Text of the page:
“So, the aim was to centre on Yifei, but also bring an epic quality to the film with the use of the Arri Alexa 65 camera. We had these epic battle sequences and landscapes, so one of the films we looked at for reference was Lawrence of Arabia, because I think that was a film which managed that really well. They had these beautiful wide landscape shots, but intimate close-ups – I think the big sensor lends itself to that; we got those two shots out of the one camera.” 

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The Arri Alexa LF was also used, but only for high-speed shots as it offers 150fps where the Alexa 65 is restricted to 60fps. Walker also used the Alexa LF for a couple of drone shots over landscapes for top shots.

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For the big-idea scenes, we spent the time making sure they would work

As for lighting, Disney’s live-action Beauty and the Beast used roughly 700 Arri Skypanels in huge softboxes above massive sets in Shepperton, just outside of London. But for Mulan and those highly choreographed battle scenes, which way did Walker see the lighting design going? She explains: “When Mulan is in her village – which is a huge set, a three-storey high round village – the lighting has a certain style to it to create that family mood and atmosphere. We covered the set to balance the effect of the sunlight going in and out, but those scenes in the village are very intimate and lit accordingly.”

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The choreography of the whole movie underpinned much of the story, with symmetry important to Walker’s approach, but the battle scenes were where a multicamera design was necessary, as she explains. “In the main battle sequence, where the two armies are facing each other and then engage, we had five cameras covering the whole scene and low-contrast lighting. There were months of rehearsals for these scenes and there was a whole separate AD battle department to oversee it. The Chinese army has to be very regimented and they had to be perfectly coordinated. They also had a training camp where they learned martial arts and tai chi moves for the sequences.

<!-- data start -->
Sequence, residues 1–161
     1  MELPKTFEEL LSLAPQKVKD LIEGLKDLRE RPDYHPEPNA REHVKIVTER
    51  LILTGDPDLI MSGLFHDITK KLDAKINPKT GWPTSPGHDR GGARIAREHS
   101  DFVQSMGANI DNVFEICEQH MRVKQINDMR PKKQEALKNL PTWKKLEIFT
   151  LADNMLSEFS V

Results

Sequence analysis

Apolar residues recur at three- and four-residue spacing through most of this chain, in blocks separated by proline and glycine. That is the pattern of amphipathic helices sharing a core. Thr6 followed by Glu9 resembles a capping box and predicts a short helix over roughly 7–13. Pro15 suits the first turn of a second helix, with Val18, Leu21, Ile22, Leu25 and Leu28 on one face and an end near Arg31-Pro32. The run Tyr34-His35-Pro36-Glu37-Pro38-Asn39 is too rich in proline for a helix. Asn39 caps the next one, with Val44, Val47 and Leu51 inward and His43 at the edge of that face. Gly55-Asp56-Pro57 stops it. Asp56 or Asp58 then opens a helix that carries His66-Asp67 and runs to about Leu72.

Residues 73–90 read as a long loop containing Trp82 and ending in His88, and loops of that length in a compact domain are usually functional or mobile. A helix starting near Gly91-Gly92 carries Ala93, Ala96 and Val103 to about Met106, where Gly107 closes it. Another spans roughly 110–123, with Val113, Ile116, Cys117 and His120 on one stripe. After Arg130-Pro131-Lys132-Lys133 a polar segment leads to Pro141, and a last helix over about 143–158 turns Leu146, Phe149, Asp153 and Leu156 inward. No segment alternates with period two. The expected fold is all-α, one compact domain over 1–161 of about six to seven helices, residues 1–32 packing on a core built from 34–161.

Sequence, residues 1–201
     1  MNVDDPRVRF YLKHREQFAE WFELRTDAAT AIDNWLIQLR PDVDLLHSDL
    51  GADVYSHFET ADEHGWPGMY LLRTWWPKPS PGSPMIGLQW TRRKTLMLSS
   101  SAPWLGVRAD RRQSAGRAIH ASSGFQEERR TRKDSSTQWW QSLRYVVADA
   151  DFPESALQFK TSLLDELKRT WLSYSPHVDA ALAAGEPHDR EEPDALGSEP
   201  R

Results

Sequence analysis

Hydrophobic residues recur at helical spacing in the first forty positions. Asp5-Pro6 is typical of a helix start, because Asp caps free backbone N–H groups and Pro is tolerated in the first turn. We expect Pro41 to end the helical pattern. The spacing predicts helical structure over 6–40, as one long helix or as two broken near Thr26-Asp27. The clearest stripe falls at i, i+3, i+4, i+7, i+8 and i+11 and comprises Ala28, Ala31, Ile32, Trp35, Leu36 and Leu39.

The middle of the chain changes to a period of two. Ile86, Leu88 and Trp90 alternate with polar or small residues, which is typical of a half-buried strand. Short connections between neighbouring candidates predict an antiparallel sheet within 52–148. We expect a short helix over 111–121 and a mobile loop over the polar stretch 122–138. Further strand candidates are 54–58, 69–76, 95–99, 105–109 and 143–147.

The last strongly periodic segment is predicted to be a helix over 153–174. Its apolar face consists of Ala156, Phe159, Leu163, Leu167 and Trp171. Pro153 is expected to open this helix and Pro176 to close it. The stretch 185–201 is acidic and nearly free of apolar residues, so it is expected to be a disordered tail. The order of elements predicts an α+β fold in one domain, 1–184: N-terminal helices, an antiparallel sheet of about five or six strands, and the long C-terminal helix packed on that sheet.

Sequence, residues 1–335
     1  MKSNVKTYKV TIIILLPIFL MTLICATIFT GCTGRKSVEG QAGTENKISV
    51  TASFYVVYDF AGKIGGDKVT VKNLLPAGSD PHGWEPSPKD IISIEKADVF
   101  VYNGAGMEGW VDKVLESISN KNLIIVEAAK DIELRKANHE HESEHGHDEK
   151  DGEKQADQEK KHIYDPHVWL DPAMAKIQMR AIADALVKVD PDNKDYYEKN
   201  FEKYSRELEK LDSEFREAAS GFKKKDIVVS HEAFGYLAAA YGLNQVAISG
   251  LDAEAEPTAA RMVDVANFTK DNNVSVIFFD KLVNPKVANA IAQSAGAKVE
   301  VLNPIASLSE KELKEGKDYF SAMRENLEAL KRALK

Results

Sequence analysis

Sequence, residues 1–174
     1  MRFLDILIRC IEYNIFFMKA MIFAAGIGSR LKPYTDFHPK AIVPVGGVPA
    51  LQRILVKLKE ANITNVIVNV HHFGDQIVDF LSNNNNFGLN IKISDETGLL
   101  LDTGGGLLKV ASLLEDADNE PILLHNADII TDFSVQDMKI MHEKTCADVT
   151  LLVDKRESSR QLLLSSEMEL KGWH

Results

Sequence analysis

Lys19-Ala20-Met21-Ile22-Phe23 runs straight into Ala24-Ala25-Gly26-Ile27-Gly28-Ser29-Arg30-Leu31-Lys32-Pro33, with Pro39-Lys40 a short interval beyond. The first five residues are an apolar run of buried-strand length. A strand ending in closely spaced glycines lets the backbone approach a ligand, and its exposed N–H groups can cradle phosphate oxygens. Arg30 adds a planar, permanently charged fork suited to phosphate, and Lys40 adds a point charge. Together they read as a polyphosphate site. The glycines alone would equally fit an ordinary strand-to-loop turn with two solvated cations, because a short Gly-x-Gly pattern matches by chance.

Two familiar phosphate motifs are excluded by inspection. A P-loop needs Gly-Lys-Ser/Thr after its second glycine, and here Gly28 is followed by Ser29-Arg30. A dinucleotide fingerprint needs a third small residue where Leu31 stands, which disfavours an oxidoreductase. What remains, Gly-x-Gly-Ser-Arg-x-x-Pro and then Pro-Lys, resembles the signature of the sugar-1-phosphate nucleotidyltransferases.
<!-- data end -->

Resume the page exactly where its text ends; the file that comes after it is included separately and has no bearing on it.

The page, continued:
“Niki and I watched them training and then worked out the choreography of the sequences, then planned our shooting. It was also very important to Niki that we didn’t just have battle sequences that were just like a melee of generic fighting. It had to be choreographed, so we followed the moves with the camera. The camera was part of it, but more elegant in its style than just crashing and bashing through guys beating each other up.”

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The battle scenes were the most challenging for Walker, especially with the additional complication of wire work. “We spent months working on these, including previsualising some of the scenes to see if they would cut together. Some of the wire work on the horses was especially lengthy to achieve from the design. It’s quite complicated with the construction work involved and lighting construction work, plus the camera cranes. The coordination of all that was a big deal for us.

“But I feel like we were very good in our planning for this movie. For the big-idea scenes, we spent the time making sure they would work; we were very organised in getting it done.”

Bring honour to us all

Previous live-action remakes of Disney cartoon classics have arguably been recreations of them without incorporating any new concepts. With the PG-13 rating awarded to Mulan 2020, and the omission of the songs and comic relief, you feel this modern production isn’t going to be a slave to the original – although it wasn’t far from Walker’s thoughts. “We watched it, of course, but our minds were more focussed on the fact that Mulan is an ancient fable that originated from a poem hundreds of years old. Our film was a retelling of that tale, its own version of that story. The animation is another version.”

She adds: “Having said that, we always had in the back of our minds that the audience loved the animated version, but we want them to love this movie, too. The themes are the same: it’s about a woman discovering her inner strength and power. It’s about her devotion to her family and her country and other people realising that this is a woman leading a man’s army. She then becomes one of the elite warriors.”

Walker concludes: “I felt that we had a responsibility, but how I always approach a film initially is through the script and the story, but try to look at it in a fresh way and glean references from other things. Be true to the story, but show it to people in a new way and bring a new audience to this story.”

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5 = The number of continents casting agents visited to find the actress to play Hua Mulan. 100,000 = Number of signatures to stop a whitewashed version of the film

Since the writing of this feature, the cinema world has been put on hold due to the global pandemic, Covid-19. As a result, Disney’s Mulan, which was due to be released globally in March, has been postponed until July.